Cox v. Episcopal Eye, Ear and Throat Hospital

Annotate this Case

134 A.2d 328 (1957)

Ida May COX, Appellant, v. EPISCOPAL EYE, EAR AND THROAT HOSPITAL, a corporation, Appellee.

No. 2008.

Municipal Court of Appeals for the District of Columbia.

Argued June 17, 1957.

Decided July 18, 1957.

Joseph G. Dooley, Washington, D. C., with whom Victor J. Orsinger, Washington, D. C., was on the brief, for appellant.

John L. Laskey, Washington, D. C., for appellee.

Before HOOD, and QUINN, Associate Judges, and CAYTON (Chief Judge, Retired) sitting by designation under Code, § 11-776(b).

CAYTON, Acting Judge.

Before us for review is an order dismissing a complaint which charged negligence against a hospital in connection with a surgical operation.

Plaintiff originally sued two physicians as well as the hospital, but later settled her claim against the physicians and as to them the suit was entered, settled and dismissed. Soon afterwards, plaintiff filed a pretrial statement and defendant hospital moved orally to dismiss the complaint; the motion was granted, with leave to amend. An amended complaint was filed, and it was challenged by a motion to dismiss for insufficiency. The granting of that motion has resulted in this appeal.

*329 In addition to the allegations as to jurisdiction and damages, the amended complaint recited that plaintiff was a surgical patient at the hospital operated by defendant, and,

"At the time and place aforesaid, plaintiff underwent a surgical operation and, due to the negligence of the defendant, its agents, servants and employees, plaintiff was damaged in and about her mouth, teeth and gums and has required and will require medical and dental care for a long time to come."

Applicable here are Municipal Court Civil Rules 8 and 12, which have their counterparts in the Federal Rules of Civil Procedure, rules 8, 12, 28 U.S.C.A. The rules on this subject have, since they were adopted in 1938, been construed and discussed by courts and authors on many occasions and in a variety of settings. It cannot be said that a pattern of complete unanimity is to be found in those writings. But the generally prevailing view has been accurately expressed as follows:

"* * * a complaint should not be dismissed for insufficiency unless it appears to a certainty that plaintiff is entitled to no relief under any state of facts which could be proved in support of the claim. (Note 6 citing cases.) * * * Mere vagueness or lack of detail is not ground for a motion to dismiss, but should be attacked by a motion for a more definite statement." 2 Moore's Federal Practice 2245, § 12.08.

Barron and Holtzoff (1 Barron and Holtzoff, Federal Practice and Procedure 618, § 350) state it thus: "Motions to dismiss are sparingly granted and only if the averments * * * disclose with certainty the impossibility of stating and proving a claim upon which relief can be granted." The statement is supported by many case citations. Directly supporting this view is Dollar v. Land, 81 U.S.App.D.C. 28, 154 F.2d 307, affirmed 330 U.S. 731, 67 S. Ct. 1009, 91 L. Ed. 1209.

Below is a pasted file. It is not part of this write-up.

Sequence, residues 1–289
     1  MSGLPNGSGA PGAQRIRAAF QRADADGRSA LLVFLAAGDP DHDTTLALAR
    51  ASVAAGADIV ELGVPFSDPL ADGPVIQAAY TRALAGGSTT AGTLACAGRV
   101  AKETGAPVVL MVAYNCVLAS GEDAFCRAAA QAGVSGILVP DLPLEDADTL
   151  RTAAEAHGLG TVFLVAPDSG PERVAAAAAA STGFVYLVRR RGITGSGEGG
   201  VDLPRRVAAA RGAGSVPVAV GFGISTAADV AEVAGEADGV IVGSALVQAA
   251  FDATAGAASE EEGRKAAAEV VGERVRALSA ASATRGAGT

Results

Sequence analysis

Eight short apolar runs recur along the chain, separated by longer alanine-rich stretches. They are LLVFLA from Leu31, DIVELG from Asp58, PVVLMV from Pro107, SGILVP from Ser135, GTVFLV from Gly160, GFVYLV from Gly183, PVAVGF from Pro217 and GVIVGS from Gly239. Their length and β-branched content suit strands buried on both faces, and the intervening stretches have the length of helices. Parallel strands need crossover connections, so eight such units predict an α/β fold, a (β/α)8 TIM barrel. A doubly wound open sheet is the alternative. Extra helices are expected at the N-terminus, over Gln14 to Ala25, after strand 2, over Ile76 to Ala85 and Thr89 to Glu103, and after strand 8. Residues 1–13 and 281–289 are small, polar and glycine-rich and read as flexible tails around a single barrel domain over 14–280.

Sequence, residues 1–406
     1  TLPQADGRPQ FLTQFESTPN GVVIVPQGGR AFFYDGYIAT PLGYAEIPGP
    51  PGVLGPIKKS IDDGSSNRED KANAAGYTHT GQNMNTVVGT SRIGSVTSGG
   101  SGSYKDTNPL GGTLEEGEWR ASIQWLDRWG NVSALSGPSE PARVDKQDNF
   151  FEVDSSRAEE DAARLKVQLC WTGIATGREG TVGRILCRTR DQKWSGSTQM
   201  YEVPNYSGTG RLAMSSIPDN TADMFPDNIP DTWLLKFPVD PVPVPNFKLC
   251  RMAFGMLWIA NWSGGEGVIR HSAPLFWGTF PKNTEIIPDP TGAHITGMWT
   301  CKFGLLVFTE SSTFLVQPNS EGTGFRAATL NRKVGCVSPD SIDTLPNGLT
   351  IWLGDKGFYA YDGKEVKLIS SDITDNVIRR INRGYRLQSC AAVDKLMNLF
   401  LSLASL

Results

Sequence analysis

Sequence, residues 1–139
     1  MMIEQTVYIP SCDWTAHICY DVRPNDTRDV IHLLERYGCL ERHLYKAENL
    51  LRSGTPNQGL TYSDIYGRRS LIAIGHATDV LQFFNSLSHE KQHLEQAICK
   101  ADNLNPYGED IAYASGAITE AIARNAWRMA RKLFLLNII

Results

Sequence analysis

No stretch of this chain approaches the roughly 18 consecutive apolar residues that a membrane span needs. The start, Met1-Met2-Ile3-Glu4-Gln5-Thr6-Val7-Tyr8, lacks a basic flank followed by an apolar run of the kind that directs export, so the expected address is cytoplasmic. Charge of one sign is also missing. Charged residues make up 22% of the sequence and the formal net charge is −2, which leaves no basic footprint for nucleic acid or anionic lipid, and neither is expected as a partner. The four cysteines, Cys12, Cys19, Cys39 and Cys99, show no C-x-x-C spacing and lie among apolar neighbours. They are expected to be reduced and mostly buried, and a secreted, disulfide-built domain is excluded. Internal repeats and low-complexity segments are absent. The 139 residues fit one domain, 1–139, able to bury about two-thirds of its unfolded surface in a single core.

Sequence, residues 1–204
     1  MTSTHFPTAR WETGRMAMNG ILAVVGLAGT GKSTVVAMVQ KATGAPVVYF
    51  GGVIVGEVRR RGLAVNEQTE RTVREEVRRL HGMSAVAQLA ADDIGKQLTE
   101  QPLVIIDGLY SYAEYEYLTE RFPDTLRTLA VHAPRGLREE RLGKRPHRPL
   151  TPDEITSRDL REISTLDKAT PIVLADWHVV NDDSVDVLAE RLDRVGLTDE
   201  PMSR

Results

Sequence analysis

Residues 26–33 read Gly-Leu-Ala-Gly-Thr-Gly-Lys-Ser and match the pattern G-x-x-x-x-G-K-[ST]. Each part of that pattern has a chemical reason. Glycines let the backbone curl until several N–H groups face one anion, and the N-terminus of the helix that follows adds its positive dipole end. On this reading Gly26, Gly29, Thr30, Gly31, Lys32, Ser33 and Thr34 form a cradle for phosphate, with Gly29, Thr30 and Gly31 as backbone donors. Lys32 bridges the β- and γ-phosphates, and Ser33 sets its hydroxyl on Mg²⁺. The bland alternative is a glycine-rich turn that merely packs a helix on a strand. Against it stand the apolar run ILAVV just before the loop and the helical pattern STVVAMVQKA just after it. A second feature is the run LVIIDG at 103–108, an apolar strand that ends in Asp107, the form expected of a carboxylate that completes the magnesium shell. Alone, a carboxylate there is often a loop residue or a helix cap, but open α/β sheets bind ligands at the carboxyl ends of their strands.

Similar expressions are to be found in 5 Cyclopedia of Federal Procedure, § 15.502 (3d ed. 1951). And many courts have been emphatic in citing the hazards in dismissing complaints for insufficiency. See, e. g., Rennie & Laughlin, Inc., v. Chrysler Corporation, 9 Cir., 242 F.2d 208; Millet v. Godchaux Sugars, 5 Cir., 241 F.2d 264; Dutton v. Cities Service Defense Corp., 8 Cir., 197 F.2d 458. Cases cited by appellee[1] are inapposite; they deal with situations decided on the evidence, or those where it was clear as an affirmative matter that plaintiff had no right to sue, or where there was no theory on which recovery could be predicated.

Applying those tests here, we think the complaint should not have been dismissed. It is true that the complaint did not recite detailed facts constituting negligence. But that is not a strict requirement in a negligence action. Augusta Broadcasting Co. v. United States, 5 Cir., 170 F.2d 199. Indeed, counsel for appellant has said frankly, in the trial court as well as here, that he has been handicapped by the fact that his client was under anaesthesia when the injury was inflicted upon her, and that the facts will need to be developed by discovery proceedings. Appellee lays stress on the fact that appellant did not seek discovery during the year the case was pending. But it does not question appellant's statement that there were several months of settlement negotiations, resulting in settlement by the two physicians. Nor does appellee suggest that *330 it has been prejudiced by the delay in seeking discovery.

In these circumstances dismissal should not be permitted to serve as a sanction or penalty for delay in invoking discovery. Nor is appellant's standing in court to be tested or determined by the rules which would govern if she were charged with failure of diligent prosecution. The real question is whether she is barred by her own complaint from pursuing and proving a redressable claim. That question must be answered in her favor. Further than that we do not venture. We do not know whether she can, as she suggests, make out a case of res ipsa loquitur or whether she can present enough evidence to get to the jury on some other theory; or whether what is developed on discovery and pretrial may result in her being out of court. All we hold is that on the present state of the record it cannot be said with certainty that there is no theory on which she can recover.

Reversed, with instructions to set aside order of dismissal.


[1] Biaggi v. Giant Food Shopping Center, D.C.Cir., 244 F.2d 786; MacMaugh v. Baldwin, 99 U.S.App.D.C. 247, 239 F.2d 67; Condol v. Baltimore & O. R. Co., 91 U.S.App.D.C. 255, 199 F.2d 400; Felder v. D. Loughran Co., 90 U.S.App. D.C. 324, 196 F.2d 239; Goodall v. Frank R. Jelleff, Inc., D.C.Mun.App., 130 A.2d 781.